View individual maps of 1994, 1999, 2004, 2009, 2014.

 

Bar Graph of U.S. Wind Energy Capacity 1994-2013

 

Development in Regions 3 and 5 of the U.S. Fish and Wildlife Service has increased greatly over the years between 1994 and 2014, as has development in the rest of the country (see bar graph to the right). Many of these high wind turbine density areas are also used heavily by migrating birds and bats, such as the eastern end of Lake Erie and Ontario, the Wabash River valley in Indiana, and the Niagara Escarpment in Wisconsin.

 

The graph to the right shows the rapid growth of wind energy in the entire United States over the same period as shown on the map. The information is in MW and is for the total installed capacity for each year.

 

Future Increases in Wind Energy Development

In 2012, over 60 GW of power was generated by wind facilities across the United States. The Department of Energy is calling for an increase in wind power to represent 20% of the power generated across the United States by 2030. That represents about a five-fold increase to over 300 GW. Some individual states have even higher goals for renewable energy, such as California, Hawaii, and Colorado.

 

An increase in bird and bat fatalities will likely accompany such an increase in wind power generation if we do not take steps to reduce the impact of wind facilities on wildlife (Loss et al. 2013). These fatalities combined with increasing habitat loss, disease, and climate change may put many more species at risk of extinction than we already have listed under the Endangered Species Act. Gaining the benefits of reduced greenhouse gases from the renewable energy source of wind does not mean that turbines are entirely environmentally friendly. However, we now have the opportunity proactively to reduce the impact that turbines will have on wildlife for present and future generations as we pursue cleaner energy sources. A map of over 47,000 onshore wind turbine sites in the U.S. (as of July, 2013) is available from USGS, including details on the height and type of turbines.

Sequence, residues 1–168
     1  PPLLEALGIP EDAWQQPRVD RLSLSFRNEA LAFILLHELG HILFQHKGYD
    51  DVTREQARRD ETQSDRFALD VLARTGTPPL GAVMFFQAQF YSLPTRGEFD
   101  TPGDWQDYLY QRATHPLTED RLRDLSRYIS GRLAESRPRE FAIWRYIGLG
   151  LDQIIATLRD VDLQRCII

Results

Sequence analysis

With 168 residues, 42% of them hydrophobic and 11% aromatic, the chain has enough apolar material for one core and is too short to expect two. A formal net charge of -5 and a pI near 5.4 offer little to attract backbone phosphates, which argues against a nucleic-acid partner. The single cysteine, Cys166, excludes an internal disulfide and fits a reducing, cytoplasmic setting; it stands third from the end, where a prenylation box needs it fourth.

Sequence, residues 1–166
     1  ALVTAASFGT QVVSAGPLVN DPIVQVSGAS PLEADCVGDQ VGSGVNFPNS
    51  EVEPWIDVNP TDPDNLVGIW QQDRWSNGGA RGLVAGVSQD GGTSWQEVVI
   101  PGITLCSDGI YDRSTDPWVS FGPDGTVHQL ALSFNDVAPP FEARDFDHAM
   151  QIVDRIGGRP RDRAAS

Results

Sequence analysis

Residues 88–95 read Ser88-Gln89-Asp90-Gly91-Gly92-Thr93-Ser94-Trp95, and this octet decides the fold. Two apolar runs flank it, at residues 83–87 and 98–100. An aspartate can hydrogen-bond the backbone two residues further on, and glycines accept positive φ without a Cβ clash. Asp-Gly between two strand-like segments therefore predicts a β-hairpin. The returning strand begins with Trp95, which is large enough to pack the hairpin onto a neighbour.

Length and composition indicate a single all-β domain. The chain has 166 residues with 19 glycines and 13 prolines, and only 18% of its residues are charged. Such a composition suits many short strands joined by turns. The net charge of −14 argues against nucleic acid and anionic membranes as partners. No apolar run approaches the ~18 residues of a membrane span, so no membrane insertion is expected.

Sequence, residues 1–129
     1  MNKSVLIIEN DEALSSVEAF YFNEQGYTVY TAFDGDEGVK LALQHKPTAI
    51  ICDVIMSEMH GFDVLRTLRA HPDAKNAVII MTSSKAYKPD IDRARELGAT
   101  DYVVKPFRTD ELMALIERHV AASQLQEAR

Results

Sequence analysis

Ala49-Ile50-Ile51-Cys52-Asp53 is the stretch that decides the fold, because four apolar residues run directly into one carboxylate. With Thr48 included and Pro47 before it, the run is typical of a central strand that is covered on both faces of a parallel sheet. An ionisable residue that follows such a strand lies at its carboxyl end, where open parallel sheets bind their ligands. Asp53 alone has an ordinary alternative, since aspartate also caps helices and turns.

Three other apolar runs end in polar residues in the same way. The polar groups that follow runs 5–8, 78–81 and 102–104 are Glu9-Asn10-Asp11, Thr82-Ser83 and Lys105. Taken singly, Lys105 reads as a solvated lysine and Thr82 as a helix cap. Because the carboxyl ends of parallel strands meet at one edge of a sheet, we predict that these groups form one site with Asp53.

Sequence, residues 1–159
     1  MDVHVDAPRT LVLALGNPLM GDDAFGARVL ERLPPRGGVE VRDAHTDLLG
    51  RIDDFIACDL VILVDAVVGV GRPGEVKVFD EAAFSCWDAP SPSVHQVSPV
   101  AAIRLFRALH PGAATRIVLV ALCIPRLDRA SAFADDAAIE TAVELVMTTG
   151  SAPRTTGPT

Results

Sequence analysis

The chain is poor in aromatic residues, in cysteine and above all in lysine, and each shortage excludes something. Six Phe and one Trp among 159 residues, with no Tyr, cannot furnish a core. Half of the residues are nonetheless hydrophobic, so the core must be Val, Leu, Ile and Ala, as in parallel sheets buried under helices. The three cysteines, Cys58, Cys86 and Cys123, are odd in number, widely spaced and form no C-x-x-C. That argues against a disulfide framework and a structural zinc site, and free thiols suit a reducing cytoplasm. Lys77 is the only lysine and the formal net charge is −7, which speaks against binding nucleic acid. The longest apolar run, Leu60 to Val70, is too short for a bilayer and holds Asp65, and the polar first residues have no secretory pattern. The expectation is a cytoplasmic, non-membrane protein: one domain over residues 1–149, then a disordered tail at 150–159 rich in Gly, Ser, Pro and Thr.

Ways to Reduce Impact on Wildlife

Studying Wildlife

USFWS Personnel with Acoustic Monitor. Photo by Andrew Horton/USFWS

Many wind facilities have very low impacts to birds and bats, but there are some that can have very high fatality rates. Determining what factors are different between areas with high fatality rates and low fatality rates can help us to install wind facilities in areas where they will have the least impact. One way to try and determine if an area may have a high risk to birds and bats is to study how many are migrating through an area before the turbines are built. If there are high numbers in an area, that would seem to indicate a higher potential risk of fatalities. One of the main goals of the Avian Radar Project is to find these areas that have high concentrations of migrants and inform the wind industry of the risks of building in those areas. By informing decisions about the impact to wildlife a wind farm might have in an area before turbines are built, a great deal of time, money, and lives of wildlife can be saved.